Radio Schedules (The Egyptian Radio Magazine [ca. 1935], Al Ahram Newspaper )
The First International Congress for Arab Music
One of the most significant efforts to promote Cairo’s position as a musical capital was the hosting of the First International Congress for Arab Music in Cairo in 1932. The aim of this congress was to preserve and reform Arab music. Congress members created official recommendations for establishing a national curriculum for Arab music pedagogy, standardizing the tuning system, preserving historical musical treatises, and limiting the use of nontraditional instruments in Arab music. They also made 360 recordings of musical performances to materially preserve music that had been passed down orally.
Performers at the 1932 International Arabic Music Conference in Cairo
Egyptian musicologist Samha El Kholy argues that this conference “marked a new era for Egyptian, Syrian, Lebanese, Iraqi, Tunisian, Algerian, and Moroccan heritage, signaling a real cultural revival, and an aspiration for modernity after centuries of withdrawal to the past.”
At the conference, the term “Eastern Music” was replaced with “Arab Music.” This terminological shift was marked a significant and deliberate shift in identity and regional affiliation. “Eastern music” had referred to a pan-Eastern regional identity, whereas “Arab Music” referred to an ethno-linguistic identification.
Ethnomusicologists have argued that this congress was part of Egypt’s withdrawal from Ottoman cultural domination, and a means of laying claim to control of a supranational cultural and political sphere. Popularizing the term “Arab music” helped establish powerful cultural influence in the Arab and Arabic-speaking spheres. At this congress, “Arab music” was established as the umbrella category for many pre-existing genres of music reconceived as “Arab.”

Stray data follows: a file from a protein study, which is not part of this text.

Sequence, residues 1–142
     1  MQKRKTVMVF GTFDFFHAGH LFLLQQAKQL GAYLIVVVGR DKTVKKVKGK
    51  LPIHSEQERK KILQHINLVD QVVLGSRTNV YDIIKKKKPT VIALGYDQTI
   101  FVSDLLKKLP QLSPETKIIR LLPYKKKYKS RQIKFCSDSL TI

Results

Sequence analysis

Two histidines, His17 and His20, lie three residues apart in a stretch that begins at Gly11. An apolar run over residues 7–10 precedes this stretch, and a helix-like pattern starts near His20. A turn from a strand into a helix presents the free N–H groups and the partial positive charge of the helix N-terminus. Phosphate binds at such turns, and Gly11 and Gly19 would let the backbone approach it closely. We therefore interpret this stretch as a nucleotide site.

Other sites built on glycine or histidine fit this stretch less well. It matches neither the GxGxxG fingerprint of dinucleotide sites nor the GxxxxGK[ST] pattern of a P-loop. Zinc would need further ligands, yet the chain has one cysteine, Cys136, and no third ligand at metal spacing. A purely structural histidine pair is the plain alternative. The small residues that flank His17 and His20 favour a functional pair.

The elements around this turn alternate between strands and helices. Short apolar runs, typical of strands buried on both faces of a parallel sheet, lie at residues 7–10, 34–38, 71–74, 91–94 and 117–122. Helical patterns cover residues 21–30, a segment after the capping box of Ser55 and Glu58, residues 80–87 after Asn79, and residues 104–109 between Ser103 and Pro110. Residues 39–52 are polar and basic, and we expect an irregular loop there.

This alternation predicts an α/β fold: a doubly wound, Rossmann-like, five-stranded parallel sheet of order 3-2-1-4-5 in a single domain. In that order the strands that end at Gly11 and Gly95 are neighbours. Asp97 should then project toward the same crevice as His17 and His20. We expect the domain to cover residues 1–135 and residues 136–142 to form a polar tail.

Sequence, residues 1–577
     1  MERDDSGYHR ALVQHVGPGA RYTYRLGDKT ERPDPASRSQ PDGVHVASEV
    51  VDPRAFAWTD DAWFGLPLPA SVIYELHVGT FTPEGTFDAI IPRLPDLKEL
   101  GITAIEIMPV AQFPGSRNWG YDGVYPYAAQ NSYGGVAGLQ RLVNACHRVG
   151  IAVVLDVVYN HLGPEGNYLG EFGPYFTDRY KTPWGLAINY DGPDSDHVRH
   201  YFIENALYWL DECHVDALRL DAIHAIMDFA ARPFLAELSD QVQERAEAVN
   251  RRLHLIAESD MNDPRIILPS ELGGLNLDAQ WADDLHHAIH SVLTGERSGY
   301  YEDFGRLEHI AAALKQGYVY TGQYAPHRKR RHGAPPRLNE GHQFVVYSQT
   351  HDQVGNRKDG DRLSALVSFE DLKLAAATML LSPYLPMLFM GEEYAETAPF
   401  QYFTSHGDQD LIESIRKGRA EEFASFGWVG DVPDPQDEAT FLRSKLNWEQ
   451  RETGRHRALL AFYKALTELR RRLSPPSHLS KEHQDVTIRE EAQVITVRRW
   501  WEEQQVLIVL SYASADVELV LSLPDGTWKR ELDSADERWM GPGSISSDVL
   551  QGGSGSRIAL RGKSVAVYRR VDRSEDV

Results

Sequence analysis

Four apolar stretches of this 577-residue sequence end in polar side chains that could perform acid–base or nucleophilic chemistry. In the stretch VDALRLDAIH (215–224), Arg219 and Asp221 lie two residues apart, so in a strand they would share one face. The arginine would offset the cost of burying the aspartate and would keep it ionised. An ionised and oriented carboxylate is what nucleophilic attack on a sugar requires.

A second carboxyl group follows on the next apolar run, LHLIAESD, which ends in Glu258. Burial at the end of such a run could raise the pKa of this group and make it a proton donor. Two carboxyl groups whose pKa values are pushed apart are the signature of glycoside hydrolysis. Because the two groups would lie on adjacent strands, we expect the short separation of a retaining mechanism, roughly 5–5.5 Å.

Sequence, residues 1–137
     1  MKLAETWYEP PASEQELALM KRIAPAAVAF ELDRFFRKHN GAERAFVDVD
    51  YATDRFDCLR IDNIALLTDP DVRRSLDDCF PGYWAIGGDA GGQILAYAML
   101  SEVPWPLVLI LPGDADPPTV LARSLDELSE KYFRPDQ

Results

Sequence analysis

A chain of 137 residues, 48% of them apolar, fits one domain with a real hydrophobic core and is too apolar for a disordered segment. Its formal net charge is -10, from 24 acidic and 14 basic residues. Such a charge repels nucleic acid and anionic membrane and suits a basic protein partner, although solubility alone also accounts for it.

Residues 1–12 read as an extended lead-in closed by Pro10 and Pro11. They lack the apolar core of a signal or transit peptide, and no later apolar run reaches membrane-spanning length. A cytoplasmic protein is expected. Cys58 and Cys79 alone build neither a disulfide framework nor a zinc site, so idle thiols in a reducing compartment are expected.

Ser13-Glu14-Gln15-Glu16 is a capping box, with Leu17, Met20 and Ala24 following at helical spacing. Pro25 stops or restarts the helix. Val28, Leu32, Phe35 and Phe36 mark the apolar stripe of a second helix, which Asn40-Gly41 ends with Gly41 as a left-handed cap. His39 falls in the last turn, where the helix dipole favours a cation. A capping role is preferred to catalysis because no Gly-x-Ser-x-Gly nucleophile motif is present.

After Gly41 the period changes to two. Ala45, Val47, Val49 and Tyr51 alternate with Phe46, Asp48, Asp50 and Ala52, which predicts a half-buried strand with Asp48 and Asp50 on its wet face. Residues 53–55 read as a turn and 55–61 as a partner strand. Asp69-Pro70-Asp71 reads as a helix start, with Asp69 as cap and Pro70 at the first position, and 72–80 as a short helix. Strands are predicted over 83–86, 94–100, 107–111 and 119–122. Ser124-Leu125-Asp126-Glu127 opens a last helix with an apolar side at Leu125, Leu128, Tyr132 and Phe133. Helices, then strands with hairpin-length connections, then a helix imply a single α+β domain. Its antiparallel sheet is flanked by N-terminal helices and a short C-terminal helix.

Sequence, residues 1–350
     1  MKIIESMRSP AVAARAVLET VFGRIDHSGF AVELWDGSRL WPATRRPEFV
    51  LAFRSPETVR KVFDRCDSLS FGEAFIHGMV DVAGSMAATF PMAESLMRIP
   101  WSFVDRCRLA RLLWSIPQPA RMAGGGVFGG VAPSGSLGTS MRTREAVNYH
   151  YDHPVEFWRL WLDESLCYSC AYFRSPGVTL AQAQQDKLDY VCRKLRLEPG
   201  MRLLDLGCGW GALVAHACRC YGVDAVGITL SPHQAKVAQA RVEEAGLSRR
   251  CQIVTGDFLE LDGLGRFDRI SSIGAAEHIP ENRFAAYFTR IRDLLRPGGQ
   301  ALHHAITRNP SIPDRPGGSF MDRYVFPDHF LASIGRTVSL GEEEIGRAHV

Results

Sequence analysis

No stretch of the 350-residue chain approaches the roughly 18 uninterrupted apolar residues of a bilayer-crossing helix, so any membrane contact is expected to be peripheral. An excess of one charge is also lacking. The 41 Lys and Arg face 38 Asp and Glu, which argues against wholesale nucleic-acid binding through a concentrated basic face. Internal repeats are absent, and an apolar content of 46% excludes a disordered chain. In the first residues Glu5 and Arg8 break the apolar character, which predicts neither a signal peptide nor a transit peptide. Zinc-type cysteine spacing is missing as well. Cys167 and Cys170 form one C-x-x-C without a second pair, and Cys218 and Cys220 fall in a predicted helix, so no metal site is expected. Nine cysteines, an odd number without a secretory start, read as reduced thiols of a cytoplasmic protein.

In my research, I have found that the term “Arab music” was institutionalized in the 1930s. For example, the Eastern Music Institute which was founded in 1929 was renamed The Royal Institute for Arab Music in 1933. Beginning in 1931, Arab and Western music education was mandated in public schools, and Cairo set a precedent for establishing Arab music schools in the region. Evidence of this shift is also apparent in the popular press, where the term “Eastern music” was gradually replaced with “Arab music” beginning in the 1930s.
The Arab Music Institute (formerly The Eastern Music Institute, established 1929)
A Modern Musical Capital
Many consider the “Golden Age” of modern Arab music to be the 1950s and 1960s and associate it with Egyptian President Gamal Abdel Nasser’s pan-Arab project. It was in the 1930s, however, that the foundations were laid for Cairo’s ascendance as a musical-cultural capital through new technology, new governmental funding and policies, and the shift toward the term “Arab music” itself.
Developments in the music sphere during the 1930s catalyzed Cairo’s ascendance to being an international hub of the modern music industry. Music was an element, reflection, and vehicle of modernization in Egypt and played a critical role in developing Cairo’s regional cultural influence.
Kira Weiss is an IHC Public Humanities Graduate Fellow and a Ph.D. candidate in ethnomusicology with an emphasis in Global Studies. Her research focuses on the adoption of the violin family in traditional Egyptian Arab music ensembles in the context of national discourses regarding identity and heritage, postcolonialism, affect, and modernity.